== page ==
In case you haven’t noticed, video marketing is on fire right now with compelling statistics around this trend hard to ignore. And for good reason — everyone from large enterprises and educational institutions to community groups and entrepreneurs are incorporating richer content into their websites, such as images and videos. Hence, the importance of choosing a high-quality content delivery network (CDN) provider.
For example, Cisco estimated that in 2020, 82% off all consumer web traffic consisted of video, up from 70% in 2015. In addition, the opportunity to monetize video content resulting from this trend is clearly becoming more evident based on current statistics:
- Video now appears in 70% of the top 100 search results listings.
- Viewers are 64-85% more likely to buy after watching a product video.
- It’s 50 times easier to achieve a page 1 ranking on Google with a video.
- Including video in a landing page can increase conversion by 80%.
As broadband speeds increase each year, and the cost to produce rich, HD-quality content comes into the reach of even the most budget-constrained organizations, the need for super-reliable streaming conduits to deliver video content becomes a business necessity rather than an optional nice-to-have.
How do CDNs work?
The purpose of a CDN is to deliver digital data to users. Even though it sounds like a straightforward mission, it really implies a complicated task. CDNs operate on a global scale relaying large quantities of data and are essential for streaming high-quality video.
CDNs are composed of an entire network of servers living in multiple data centers, or other locations, scattered across large geographic areas. These servers connect to one another and then to the internet in order to deliver content.
One of the benefits of using a CDN is due to the fact that video is a very large, data-intensive format that has the capability to overwhelm some servers. How they get around this obstacle is by distributing the data load. Think of it this way. Instead of millions of users trying to access a file on an individual server, CDNs redirects those users over say 10,000 servers, increasing speed, reducing buffering and the chances of a server crashing.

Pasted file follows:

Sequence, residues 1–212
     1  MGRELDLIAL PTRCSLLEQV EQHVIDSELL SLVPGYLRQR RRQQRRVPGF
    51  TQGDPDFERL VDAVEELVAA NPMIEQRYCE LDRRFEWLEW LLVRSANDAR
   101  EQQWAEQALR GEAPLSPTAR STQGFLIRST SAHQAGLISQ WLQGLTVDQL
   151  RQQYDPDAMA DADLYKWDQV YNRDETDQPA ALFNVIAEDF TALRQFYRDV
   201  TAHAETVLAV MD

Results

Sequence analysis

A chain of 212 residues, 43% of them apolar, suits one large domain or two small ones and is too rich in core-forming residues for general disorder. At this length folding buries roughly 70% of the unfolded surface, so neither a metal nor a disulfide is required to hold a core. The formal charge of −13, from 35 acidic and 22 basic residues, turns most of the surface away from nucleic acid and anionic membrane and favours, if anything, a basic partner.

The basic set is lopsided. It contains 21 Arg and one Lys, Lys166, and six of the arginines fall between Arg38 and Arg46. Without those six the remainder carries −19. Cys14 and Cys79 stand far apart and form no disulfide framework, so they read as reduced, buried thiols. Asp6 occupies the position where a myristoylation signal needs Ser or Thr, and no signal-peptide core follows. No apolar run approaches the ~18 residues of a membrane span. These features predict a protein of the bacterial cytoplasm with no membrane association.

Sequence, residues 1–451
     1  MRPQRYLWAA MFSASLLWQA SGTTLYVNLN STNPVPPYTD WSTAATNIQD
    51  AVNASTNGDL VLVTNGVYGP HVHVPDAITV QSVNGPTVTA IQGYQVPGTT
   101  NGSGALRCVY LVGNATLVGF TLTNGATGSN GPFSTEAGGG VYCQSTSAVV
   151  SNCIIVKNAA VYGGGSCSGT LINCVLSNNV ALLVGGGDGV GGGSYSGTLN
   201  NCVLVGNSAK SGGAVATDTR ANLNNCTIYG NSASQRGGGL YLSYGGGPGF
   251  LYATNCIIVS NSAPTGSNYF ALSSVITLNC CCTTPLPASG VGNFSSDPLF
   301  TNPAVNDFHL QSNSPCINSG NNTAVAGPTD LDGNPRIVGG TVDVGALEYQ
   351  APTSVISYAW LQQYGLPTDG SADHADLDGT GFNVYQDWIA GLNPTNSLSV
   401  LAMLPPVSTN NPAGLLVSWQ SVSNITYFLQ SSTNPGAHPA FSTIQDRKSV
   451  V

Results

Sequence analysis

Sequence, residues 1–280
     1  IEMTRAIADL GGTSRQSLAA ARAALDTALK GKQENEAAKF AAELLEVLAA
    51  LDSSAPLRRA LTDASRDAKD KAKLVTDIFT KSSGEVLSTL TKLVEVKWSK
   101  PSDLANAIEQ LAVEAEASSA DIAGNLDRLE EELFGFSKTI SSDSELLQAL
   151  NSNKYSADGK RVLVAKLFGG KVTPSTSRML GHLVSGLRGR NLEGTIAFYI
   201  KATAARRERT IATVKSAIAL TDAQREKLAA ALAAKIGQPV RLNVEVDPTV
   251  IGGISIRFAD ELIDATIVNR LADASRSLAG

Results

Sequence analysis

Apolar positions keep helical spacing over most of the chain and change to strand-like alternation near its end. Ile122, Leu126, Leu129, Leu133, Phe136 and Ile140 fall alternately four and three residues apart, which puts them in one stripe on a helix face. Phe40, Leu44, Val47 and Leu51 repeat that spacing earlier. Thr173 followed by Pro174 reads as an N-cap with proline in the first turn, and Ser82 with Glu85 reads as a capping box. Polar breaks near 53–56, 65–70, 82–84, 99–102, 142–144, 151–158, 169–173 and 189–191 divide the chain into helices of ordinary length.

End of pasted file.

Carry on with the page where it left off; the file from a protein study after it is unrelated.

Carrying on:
Another thing to note is that CDN functionality is based on “intelligent caching.” If you’re unfamiliar, caching refers to storing multiple copies of the same content on different servers. The process may also include routing a video stream via local servers for audiences that are concentrated in specific geographic locations, such as those watching a football match in London or Madrid for example.
Choose a provider with large network size and distribution
You have lots of different CDNs from which to choose — Cloudflare, Fastly, KeyCDN, Akamai, Amazon CloudFront, and Google Cloud are some of the more well-known providers. Many of these CDNs have hundreds of thousands of servers in their networks.
The more servers you have, the faster and more consistent delivery of content your customers will experience. Simply put, more servers equal less buffering, greater redundancy, and more scalability to name a few benefits.
The other consideration is geographic location. Many CDNs have excellent coverage in North America and Europe but perhaps sparser coverage in the Middle East, Africa, and Asia. If you need global coverage, look for a CDN that can cover the territory where your customers are located.
Are CDN performance checks easy to set up and run?
As mentioned earlier, a primary benefit of a CDN is its ability to deliver content quickly and efficiently. The majority of technology companies, including Google, Apple, and Microsoft use CDNs to reduce latency in loading web page content. They also have deep pockets to ensure that they are receiving the performance that they are paying for. But how can you be sure you are getting the performance you were promised?